Econintersect: Reports from the twelve USA Federal Reserve Districts indicated that overall economic activity continued to expand at a modest to moderate pace in January and early February 2011. These “reports” are anecdotal and hearsay information, constituting what is known as “The Beige Book.”
The summary continued that both Kansas City and San Francisco noted that their economies expanded further.Boston and Philadelphia cited conditions as improving. New York, Cleveland, Richmond, Atlanta, and St. Louis described activity as modestly improving, while Minneapolis and Dallas experienced moderate growth. Chicago reported that although there was an increase in activity, it was at a pace not quite as strong as during the previous reporting period.
Retail sales increased in all Districts, except Richmond and Atlanta, although Boston, New York, Philadelphia, Atlanta, and Kansas City noted that severe snowstorms had a negative impact on merchant activity. Retail inventory levels were described as desirable in New York, Cleveland, Dallas, and San Francisco. Tourism improved in Richmond, Atlanta, and San Francisco, while New York and Kansas City noted a slowdown in activity as hotel occupancy rates declined. Some Districts reported a slight increase in the level of residential real estate activity, although all Districts maintained that the overall level of home sales and construction remained low. Several Districts indicated improvements in commercial real estate sales and leasing activity, including Boston, Richmond, Chicago, Kansas City, Dallas, and San Francisco. Most reports characterized nonresidential construction as weak.
All Districts, except St. Louis, experienced solid growth in manufacturing production, and new orders improved for Philadelphia, Atlanta, Chicago, Kansas City, and San Francisco. Most regions observed an increase in nonfinancial services. Boston, Philadelphia, and San Francisco reported that sales advanced for services related to information technology, while Kansas City noted softer sales of IT services.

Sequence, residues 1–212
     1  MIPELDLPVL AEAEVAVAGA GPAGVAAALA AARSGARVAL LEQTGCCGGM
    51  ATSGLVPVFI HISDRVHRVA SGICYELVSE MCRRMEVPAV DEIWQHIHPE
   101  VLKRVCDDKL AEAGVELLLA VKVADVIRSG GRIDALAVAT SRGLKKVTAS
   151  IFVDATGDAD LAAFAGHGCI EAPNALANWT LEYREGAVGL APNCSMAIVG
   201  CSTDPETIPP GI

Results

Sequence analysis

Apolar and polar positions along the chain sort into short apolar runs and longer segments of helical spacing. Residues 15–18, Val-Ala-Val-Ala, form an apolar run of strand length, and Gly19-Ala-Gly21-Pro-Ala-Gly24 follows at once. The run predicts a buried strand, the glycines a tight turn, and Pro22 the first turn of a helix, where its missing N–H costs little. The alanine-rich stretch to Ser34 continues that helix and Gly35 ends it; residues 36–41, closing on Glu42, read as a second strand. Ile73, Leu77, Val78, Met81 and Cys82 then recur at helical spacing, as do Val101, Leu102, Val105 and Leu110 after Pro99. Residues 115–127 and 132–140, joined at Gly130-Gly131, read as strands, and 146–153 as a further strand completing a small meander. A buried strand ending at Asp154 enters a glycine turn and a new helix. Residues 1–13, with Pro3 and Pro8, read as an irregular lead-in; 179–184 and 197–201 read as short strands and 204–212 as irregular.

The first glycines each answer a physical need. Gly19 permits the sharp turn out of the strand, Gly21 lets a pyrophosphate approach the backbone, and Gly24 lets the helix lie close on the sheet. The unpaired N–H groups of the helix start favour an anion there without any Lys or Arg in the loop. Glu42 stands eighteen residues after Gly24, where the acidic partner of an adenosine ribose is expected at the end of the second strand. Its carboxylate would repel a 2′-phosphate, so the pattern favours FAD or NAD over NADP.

Changes in loan demand were mixed across Districts, with Richmond, Dallas, and San Francisco experiencing increased loan demand and Kansas City noting a decrease. Lending standards remained tight across most Districts. Labor markets modestly improved across the country. Boston, Richmond, and Chicago reported more permanent job placements occurring in the market, while Atlanta businesses reported a continued preference for hiring temporary workers rather than permanent workers. Several Districts described an increase in demand for staffing services, especially for high-skilled IT positions. Adverse weather conditions continued to hamper agricultural production in many Districts, but strong prices helped producers of cotton, corn, soybeans, wheat, poultry, hogs and cattle. Energy production expanded or remained stable, according to reporting Districts.
Non-wage input costs increased for manufacturers and retailers in most Districts. Manufacturers, in a number of Districts reported having greater ability to pass through higher input costs to customers. Retailers in some Districts mentioned they had implemented price increases or were anticipating such action in the next few months. Homebuilders in Cleveland and Atlanta had limited ability to pass through cost increases to buyers. Most reporting Districts noted continued strong agricultural commodity prices. Wage pressures remained minimal across all Districts; although Philadelphia, Dallas, and San Francisco noted that most wage increases were for workers with specialized skills.